The Spitfire Rose
As the appeal of overlit, overcool “dives” wanes for yours truly, unassuming neighborhood haunts like Mission Terrace’s Spitfire Rose (allegedly named after the British WWII fighter plane) continue to fascinate.
The Yelp page has that enticing combo of mixed experiences and low review count that raises more questions than it answers. That’s all it took for the SU Corps of Urban Drunkards (SUCUD) to go on its inaugural raid. More after the jump.
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It’s only been the “Spitfire Rose” for a few years, but this bar has existed almost as long as the neighborhood has. GIs coming back from the Pacific theater after the Second World War, not content with their midwest hometowns, settled here and created a working-class neighborhood that still exists, despite the changing demographics (that means “Mexican” for those not paying attention) .
And while the name has changed (“Rob’s,” “Twilight”), one imagines not much else has. Sure, there’s a newfangled internet jukebox, but those ain’t flatscreen TVs broadcasting the NLCS, which i’m sure have been broadcast in the cozy tavern since back when Sandy Koufax was on the mound.
These days, owner Francisco Villalobos pours the drinks, seven days a week. He’ll put Goldfish crackers in your bowl, whistle along to Santana, even warm you up a Cup O’ Noodles in the microwave if you feel like the libation is getting the best of you.
The SUCUD team demanded heartier vittles, though, so Francisco tipped us off to another jewel of the neighborhood, Roxies Fine Foods, whereupon one could grab sangwiches which our host assured us were, despite our ignorance, famous.
Roxies is actually a pretty good emblem of the paradox of Mission Terrace. It’s a bodega that would seem more appropriate to the more urban areas of the city, and yet a chain would be even LESS of a fit for this ‘hood. And while there’s a Popeye’s not too far away on Mission Street, you kind of appreciate the impact of the city’s intolerance for chains even more in areas like this, where there’s not an army of white, privileged anti-colonialists to battle against such developments.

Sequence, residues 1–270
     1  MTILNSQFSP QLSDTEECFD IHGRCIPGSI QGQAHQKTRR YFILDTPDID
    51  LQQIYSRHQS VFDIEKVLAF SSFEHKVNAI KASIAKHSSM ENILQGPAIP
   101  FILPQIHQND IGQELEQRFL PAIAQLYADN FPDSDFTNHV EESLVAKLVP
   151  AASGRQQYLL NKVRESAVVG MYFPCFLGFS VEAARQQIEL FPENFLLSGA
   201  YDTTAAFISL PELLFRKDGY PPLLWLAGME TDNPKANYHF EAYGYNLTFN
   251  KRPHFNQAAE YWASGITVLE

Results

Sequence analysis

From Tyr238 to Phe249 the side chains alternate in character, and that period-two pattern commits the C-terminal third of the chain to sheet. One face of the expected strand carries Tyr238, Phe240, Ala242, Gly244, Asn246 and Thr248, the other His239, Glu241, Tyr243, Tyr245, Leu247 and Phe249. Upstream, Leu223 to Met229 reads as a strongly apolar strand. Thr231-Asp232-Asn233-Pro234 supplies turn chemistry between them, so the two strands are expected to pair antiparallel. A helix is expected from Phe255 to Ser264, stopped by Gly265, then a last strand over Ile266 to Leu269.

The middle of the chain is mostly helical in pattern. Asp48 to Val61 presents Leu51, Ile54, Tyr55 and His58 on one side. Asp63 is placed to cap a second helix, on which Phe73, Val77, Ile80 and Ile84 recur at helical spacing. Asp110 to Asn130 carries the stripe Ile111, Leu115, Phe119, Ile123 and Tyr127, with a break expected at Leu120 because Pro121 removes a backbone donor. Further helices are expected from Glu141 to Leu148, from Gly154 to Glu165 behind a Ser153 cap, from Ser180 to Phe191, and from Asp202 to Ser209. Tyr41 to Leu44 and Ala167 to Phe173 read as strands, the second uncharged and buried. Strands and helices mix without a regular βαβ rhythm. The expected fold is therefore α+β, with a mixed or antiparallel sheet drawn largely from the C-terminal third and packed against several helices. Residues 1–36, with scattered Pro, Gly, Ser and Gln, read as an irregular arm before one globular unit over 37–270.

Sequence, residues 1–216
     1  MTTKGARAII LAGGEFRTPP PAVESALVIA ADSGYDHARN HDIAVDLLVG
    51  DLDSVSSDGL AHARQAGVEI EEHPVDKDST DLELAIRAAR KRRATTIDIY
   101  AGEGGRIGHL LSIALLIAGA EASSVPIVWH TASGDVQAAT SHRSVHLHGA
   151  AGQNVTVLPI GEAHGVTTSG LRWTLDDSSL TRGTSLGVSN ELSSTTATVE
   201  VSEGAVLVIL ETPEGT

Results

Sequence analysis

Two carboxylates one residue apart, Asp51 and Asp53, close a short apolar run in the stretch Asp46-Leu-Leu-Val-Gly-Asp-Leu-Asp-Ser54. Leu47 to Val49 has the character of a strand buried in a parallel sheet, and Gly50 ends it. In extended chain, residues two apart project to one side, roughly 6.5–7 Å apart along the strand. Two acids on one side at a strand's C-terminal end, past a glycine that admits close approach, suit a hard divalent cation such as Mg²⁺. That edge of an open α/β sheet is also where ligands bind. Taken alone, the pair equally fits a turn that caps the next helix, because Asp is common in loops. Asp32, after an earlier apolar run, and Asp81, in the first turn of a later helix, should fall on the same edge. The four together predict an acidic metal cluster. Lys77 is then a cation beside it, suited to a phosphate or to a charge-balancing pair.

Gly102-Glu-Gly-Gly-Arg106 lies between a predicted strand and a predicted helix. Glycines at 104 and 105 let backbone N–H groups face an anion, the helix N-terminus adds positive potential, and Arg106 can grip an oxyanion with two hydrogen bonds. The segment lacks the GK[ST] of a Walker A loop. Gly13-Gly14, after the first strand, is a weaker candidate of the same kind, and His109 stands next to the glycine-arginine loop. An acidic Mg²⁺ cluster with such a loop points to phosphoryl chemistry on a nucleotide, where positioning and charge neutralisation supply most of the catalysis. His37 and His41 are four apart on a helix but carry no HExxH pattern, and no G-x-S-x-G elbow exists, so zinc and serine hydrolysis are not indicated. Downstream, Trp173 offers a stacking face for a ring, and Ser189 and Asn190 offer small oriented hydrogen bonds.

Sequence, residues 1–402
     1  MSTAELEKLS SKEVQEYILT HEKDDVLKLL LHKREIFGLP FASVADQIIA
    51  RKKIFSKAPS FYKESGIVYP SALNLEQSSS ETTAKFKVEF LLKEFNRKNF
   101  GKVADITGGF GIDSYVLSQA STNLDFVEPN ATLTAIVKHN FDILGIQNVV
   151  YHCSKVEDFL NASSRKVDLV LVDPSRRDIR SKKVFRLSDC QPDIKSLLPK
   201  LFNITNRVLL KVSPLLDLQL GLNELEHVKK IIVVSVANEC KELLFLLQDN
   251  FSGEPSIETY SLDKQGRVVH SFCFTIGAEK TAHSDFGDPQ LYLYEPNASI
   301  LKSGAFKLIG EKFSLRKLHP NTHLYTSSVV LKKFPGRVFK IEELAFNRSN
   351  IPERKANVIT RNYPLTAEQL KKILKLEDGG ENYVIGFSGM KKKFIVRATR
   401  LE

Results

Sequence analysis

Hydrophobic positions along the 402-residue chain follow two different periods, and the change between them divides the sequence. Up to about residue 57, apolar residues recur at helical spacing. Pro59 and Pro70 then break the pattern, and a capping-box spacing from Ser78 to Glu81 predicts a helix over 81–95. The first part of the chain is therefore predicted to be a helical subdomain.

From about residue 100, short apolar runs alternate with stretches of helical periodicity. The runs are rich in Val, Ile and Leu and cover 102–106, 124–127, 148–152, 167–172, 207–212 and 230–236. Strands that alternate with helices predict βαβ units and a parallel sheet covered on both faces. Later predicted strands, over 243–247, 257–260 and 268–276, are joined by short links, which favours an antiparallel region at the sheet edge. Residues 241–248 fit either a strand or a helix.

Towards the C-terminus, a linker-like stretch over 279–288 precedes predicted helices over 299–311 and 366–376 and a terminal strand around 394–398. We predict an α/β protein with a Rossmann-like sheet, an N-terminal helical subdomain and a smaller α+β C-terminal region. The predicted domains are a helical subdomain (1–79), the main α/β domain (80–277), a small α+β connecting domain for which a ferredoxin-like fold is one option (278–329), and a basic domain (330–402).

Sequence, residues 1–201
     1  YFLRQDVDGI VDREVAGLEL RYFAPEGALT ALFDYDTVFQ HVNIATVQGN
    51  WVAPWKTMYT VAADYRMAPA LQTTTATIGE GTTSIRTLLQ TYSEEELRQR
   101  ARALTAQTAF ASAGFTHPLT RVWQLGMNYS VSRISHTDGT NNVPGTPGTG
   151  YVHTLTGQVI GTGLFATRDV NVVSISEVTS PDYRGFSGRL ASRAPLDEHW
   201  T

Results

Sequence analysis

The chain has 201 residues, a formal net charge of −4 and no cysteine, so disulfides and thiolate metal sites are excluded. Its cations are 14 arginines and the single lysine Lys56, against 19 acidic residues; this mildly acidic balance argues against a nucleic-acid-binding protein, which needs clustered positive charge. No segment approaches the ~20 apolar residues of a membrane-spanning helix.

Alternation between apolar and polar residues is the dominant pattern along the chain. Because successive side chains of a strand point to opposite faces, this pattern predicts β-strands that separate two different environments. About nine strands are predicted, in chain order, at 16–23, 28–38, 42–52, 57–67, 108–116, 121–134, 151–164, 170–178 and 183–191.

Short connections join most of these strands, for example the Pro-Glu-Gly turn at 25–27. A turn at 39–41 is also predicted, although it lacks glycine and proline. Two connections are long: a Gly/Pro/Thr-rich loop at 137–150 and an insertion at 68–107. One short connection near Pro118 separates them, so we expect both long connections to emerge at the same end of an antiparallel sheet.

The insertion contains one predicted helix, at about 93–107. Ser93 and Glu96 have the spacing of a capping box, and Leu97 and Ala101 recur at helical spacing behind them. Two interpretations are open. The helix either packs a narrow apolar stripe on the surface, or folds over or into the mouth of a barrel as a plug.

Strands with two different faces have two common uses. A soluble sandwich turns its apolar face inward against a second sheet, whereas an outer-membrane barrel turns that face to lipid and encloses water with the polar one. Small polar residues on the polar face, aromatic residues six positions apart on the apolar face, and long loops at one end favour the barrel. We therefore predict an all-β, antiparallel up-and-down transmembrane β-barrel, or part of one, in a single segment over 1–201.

But compared to the picture of Roxies’ owner above the counter, this is all trivia:
What would happen if Borat and Mr. Kotter cloned a baby together?
We returned to the Rose and to a disbelieving Francisco, who we guessed had assumed we weren’t coming back to close our tab. But we settled in for more tequila-and-beer while eating our grub and making offhand earthquake contingency plans in tribute to the Loma Prieta anniversary. Francisco joined us for a shot and seemed to be getting into The Doors on the jukebox.
Later, waiting for the J-Church at the stop conveniently located across the street, we watched Francisco standing forlornly in the doorway looking out, and wondered about his working-class ethic and the viability of his working-class bar. Would it last?
We hoped so. It’s good to know the Spitfire Rose is there.
Got drinking stories from your visits to Spitfire Rose? To the comments!